All blended families encounter communication issues at one time or another. Given that communication is a hallmark of all successful relationships, a breakdown in this sensitive area can prove detrimental to ensuring familial well-being. Listening, brainstorming and problem-solving are all components of the family meeting. By engaging in a family meeting and teaching this problem-solving process, you not only seek to solve your family’s issues but you provide your children with tools for the complicated adult world awaiting them. A fortunate by-product is teaching mutual respect among all family members.
1. Agenda. No, you don’t have to have a pretty white sheet of paper that entails each and every question that needs to be addressed. But you need to be straightforward about what precipitated the meeting. What are the issues that need to be addressed? If possible, one issue at a time should be undertaken so that a clear solution can be found before attempting to move on. Also, allow your children ample time to prepare for the meeting. Often they may need to write their thoughts or feelings on paper if they better express themselves in that manner. And if you feel the need, post that little white sheet of paper on your refrigerator with details of where, when and how.
2. Participation. In blended families, it is especially important to address everyone’s needs. Therefore, encourage everyone in the family to participate. Some children are not present in the home at all times due to custody arrangements, however, all hands need to be on deck to address family issues. Moreover, if you don’t engage with all of the children, those not participating may feel left out and unimportant. Therefore, attempt to schedule a time that works for everyone.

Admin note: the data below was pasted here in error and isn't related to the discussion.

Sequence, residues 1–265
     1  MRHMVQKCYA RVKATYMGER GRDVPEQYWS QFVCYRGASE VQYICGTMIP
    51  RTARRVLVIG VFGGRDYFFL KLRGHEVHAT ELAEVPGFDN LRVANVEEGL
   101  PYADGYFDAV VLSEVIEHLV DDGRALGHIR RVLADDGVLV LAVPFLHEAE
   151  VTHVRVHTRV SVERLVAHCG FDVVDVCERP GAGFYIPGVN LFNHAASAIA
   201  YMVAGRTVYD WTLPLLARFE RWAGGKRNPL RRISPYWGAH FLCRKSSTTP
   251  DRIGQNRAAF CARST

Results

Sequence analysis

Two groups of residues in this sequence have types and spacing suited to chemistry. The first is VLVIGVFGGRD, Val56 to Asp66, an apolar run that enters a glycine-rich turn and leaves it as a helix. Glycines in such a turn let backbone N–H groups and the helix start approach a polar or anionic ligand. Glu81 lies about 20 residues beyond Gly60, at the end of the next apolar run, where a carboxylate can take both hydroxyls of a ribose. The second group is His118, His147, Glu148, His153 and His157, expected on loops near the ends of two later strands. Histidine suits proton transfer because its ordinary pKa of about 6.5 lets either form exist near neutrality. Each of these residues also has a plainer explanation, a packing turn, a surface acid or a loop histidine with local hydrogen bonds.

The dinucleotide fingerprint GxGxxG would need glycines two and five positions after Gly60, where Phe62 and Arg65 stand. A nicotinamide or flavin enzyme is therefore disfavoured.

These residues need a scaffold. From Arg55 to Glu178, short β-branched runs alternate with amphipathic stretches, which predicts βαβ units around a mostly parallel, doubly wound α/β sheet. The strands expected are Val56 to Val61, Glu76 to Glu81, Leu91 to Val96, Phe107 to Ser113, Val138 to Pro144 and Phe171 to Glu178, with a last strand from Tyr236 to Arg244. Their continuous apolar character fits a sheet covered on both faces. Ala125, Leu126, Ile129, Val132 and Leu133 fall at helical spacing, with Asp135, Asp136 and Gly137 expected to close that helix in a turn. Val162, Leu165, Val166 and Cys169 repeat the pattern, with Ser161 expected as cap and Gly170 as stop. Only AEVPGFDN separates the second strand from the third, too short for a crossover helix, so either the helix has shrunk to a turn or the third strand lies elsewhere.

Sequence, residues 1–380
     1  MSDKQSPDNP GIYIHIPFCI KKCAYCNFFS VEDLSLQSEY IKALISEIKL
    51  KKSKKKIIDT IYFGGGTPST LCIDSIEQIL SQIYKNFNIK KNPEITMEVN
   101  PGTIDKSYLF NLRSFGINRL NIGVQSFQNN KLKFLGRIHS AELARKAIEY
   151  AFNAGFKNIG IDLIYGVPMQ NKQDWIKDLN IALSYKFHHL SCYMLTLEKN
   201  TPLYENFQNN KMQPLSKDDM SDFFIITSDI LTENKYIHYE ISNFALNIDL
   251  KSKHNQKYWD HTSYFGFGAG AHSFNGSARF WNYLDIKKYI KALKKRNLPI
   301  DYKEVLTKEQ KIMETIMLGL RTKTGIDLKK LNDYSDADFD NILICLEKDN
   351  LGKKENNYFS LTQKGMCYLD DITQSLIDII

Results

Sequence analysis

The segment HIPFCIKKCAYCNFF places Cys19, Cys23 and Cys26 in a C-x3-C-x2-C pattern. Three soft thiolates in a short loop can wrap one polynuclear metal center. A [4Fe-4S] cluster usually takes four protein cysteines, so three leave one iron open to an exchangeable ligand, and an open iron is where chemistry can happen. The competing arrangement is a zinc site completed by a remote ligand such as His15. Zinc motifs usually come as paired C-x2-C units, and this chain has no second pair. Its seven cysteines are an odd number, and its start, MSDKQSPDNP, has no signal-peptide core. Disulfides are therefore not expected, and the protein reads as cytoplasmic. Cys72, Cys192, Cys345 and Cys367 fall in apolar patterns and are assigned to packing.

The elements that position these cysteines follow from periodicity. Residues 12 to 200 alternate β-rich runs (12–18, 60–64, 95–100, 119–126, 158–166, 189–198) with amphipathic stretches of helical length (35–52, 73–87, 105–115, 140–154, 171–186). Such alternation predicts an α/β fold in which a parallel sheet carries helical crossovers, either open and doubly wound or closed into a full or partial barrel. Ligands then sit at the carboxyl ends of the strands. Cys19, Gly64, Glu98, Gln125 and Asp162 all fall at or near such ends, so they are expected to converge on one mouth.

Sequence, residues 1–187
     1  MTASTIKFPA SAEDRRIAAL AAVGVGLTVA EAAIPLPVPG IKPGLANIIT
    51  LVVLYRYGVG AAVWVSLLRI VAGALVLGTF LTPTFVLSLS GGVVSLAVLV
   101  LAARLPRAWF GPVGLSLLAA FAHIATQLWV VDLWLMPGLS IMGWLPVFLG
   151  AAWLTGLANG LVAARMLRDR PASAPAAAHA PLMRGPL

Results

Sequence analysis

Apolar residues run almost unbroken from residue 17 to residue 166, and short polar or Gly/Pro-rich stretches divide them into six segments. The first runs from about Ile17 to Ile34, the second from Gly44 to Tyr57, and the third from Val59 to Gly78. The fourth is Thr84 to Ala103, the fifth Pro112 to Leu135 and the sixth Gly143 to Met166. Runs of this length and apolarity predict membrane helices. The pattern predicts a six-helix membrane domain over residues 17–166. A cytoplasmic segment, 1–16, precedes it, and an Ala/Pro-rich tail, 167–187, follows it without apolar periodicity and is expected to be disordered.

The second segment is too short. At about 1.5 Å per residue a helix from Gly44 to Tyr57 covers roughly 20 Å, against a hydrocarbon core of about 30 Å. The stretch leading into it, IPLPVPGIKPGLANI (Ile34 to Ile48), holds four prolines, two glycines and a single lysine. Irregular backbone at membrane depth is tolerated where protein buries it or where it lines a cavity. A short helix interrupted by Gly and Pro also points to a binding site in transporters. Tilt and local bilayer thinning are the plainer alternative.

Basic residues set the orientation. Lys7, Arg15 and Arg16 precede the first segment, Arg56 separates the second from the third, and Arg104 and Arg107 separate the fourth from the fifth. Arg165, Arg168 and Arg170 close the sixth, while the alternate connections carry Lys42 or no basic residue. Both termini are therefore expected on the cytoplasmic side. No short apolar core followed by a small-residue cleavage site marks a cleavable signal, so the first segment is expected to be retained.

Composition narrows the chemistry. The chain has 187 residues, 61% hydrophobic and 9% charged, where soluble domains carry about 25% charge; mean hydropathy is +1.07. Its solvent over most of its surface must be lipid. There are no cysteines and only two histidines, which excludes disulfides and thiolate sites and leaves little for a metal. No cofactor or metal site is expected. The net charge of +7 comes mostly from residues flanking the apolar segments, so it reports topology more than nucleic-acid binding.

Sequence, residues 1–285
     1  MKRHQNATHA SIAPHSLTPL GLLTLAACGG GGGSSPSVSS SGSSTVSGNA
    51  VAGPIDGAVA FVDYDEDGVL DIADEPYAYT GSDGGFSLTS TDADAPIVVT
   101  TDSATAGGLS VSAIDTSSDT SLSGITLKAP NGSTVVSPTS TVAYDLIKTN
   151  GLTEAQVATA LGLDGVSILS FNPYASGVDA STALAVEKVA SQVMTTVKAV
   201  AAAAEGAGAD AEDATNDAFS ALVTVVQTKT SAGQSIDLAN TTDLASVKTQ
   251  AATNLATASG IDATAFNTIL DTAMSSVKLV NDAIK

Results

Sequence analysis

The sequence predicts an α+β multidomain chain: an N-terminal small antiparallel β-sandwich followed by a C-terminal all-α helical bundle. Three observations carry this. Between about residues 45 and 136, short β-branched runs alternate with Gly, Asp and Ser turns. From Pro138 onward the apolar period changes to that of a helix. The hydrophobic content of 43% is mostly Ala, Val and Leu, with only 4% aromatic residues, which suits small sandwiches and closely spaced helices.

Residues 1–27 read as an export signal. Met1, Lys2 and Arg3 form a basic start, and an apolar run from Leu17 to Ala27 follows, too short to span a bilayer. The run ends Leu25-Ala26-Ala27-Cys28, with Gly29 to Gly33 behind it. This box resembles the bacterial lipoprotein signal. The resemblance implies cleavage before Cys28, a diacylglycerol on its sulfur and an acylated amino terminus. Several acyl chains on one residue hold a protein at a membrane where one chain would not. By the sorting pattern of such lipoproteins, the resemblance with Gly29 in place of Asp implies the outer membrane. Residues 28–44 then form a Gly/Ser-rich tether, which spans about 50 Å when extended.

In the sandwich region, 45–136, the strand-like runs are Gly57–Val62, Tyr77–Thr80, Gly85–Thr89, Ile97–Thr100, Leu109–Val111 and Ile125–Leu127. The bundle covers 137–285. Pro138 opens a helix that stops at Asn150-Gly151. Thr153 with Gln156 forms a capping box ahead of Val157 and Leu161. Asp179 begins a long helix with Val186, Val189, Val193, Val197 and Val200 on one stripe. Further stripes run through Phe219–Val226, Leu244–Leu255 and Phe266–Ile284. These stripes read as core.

3. Where? Pick a place where everyone is comfortable. My family has been known to gather at the kitchen table or in our great room. By ensuring that everyone is in a comfortable space, you will be inviting more participation.
4. Everyone is heard. Everyone should be given the opportunity to be heard. Encourage kids to talk. It’s not just about the adults in the family setting rules and the children obeying them. The point is to encourage open discussion. But keep the topic clear. Use uncomplicated words with evident meaning, such as “When this happens, I feel…” Don’t allow the time spent together to turn into accusatory banter. Finger-pointing and name-calling are off limits. Nurture respectful attitudes amongst the children.
5. Brainstorm. A family meeting is not only for the purpose of being heard. Brainstorm ideas and solutions to the problems at hand. You will not all agree on how to solve each and every issue, therefore, you must work towards all viable options. Be creative. Think outside the box. Be open to all suggestions.
6. Get consensus. The solution needs to remedy the problem. Can everyone agree on the solution? Is this an answer that is meaningful to all of the parties, kids and adults? If so, put it into practice for a trial solution period. Determine the time limit for the trial period to keep the entire family accountable.
7. Evaluate. Check back on a regular basis to evaluate the ongoing nature of the solution. Is it working for all involved? Are there still trouble spots to be addressed? You may need to revisit the problem-solving process.
Finally, when all else fails, seek professional help. Your family is the rock upon which you and your children build your futures. Morals, values and commitments take shape right in the heart of your home. Commit to making it a priority and if that means reaching out for help, don’t hesitate. Your future and that of your family is on the line.
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